Jesus

Dr. King highlights the significant characteristics of Jesus Christ.

Introduction to the Demands of the Freedom Movement

The Negros in Chicago are faced with numerous systematic societal restrictions as they are excluded from many aspects of an American life. The Negros are subjected to segregation and substandard housing that are identified as "crime-infested slums." The plight of the Negro in Chicago involves insufficient housing and education as well as economic and social exclusion.

Young Americans Newsletter

This Young Americans newsletter covers topics such as: The Vietnam War, Young Americans for Freedom, and the usage of violence for a good cause.

Letter from Reverend V. W. Glanton to MLK

Monday, February 6, 1967

Reverend V. W. Glanton encloses a financial contribution to the SCLC after receiving communications about voter registration initiatives in the South.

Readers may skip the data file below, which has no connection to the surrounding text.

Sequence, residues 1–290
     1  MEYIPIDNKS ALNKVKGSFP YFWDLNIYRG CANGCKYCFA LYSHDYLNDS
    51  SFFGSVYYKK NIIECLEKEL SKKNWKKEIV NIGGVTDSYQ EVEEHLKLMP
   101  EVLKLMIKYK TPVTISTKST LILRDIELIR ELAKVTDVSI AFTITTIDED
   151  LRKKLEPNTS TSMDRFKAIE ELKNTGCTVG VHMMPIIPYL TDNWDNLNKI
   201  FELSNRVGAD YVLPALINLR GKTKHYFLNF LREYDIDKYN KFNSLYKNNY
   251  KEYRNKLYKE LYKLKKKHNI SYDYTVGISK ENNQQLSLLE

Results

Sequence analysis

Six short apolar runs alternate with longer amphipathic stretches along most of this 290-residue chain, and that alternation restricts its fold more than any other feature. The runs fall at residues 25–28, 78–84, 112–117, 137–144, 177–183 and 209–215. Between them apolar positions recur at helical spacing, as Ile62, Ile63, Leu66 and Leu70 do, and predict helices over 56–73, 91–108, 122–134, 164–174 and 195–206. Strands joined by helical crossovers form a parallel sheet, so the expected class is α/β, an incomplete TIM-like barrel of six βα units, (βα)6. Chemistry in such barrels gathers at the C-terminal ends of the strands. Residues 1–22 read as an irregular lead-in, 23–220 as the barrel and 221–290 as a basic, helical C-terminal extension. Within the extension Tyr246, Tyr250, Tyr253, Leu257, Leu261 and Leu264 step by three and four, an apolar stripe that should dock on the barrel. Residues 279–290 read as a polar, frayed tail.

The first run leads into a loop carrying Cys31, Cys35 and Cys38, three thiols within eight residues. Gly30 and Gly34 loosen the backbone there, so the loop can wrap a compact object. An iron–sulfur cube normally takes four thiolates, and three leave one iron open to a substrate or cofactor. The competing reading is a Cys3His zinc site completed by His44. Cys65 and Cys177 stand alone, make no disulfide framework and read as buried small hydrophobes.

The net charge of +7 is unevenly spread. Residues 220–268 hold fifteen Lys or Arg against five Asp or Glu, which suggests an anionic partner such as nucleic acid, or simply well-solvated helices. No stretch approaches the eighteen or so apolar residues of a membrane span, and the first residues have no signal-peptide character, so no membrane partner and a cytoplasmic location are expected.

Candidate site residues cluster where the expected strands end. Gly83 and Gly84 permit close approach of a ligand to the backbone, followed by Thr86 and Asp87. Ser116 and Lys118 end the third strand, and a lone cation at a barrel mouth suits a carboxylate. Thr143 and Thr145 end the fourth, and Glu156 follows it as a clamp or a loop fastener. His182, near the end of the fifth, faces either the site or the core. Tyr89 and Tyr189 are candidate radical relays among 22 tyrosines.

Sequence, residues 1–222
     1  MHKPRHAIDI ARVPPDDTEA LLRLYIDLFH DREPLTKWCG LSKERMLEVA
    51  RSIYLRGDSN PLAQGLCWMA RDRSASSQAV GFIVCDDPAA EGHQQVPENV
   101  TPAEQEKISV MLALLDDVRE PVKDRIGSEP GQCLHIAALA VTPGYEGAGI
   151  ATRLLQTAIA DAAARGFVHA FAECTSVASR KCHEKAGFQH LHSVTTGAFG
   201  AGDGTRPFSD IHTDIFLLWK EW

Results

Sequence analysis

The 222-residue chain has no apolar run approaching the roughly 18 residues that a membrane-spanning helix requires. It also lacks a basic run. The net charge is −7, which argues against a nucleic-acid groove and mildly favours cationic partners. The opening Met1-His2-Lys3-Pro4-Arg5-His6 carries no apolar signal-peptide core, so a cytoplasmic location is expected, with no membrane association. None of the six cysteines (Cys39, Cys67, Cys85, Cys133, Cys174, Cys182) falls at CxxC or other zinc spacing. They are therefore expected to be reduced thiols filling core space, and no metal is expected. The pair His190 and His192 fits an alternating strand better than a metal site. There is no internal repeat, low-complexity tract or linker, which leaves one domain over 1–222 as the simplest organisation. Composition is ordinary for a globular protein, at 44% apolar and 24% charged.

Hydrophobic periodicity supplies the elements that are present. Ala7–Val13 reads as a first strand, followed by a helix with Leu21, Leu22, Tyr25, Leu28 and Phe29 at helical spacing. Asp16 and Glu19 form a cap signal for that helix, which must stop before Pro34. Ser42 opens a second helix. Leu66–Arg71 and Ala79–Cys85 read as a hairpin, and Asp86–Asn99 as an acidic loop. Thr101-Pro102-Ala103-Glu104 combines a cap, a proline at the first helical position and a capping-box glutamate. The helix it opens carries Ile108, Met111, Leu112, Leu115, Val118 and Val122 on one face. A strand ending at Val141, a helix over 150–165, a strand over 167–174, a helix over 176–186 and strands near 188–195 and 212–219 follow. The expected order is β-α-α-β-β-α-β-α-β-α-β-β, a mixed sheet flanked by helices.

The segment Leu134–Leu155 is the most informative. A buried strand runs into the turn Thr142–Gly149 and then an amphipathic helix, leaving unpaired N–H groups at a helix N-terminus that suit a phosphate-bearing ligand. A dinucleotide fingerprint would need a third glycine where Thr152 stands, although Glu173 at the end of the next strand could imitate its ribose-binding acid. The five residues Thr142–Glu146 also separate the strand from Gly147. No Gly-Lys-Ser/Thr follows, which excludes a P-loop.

SCLC Newsletter: September 1962

Sunday, September 30, 1962

This SCLC Newsletter includes several articles written by Dr. King and Wyatt Tee Walker. Some of the article titles include: "The Terrible Cost of The Ballot" and "THE CONGO, U.S.A. Albany, Georgia."

Press Release: SCLC Add New Members

Monday, October 19, 1964

The SCLC reports about the six new members added to its executive board during the Annual Convention held in Savannah, Ga.

Letter from Andrew Young to Dr. and Mrs. Peretz

Wednesday, November 1, 1967

Andrew Young thanks Dr. and Mrs. Peretz for their hospitality during a recent concert. He also explains that the concert, which had been designed as a fundraiser for the SCLC, did not meet financial projections.

Letter from Oral Roberts to MLK

In this letter, noted evangelist Oral Roberts thanks "my dear partner" for making possible a trip to Vietnam and encloses a special report on the mission. Roberts conducted more than 300 crusades on six continents during his ministry.

Letter from MLK to Clair Engle

Wednesday, June 24, 1964

Dr. King expresses his appreciation for Senator Clair Engle's support in passage of the Civil Rights Act of 1964.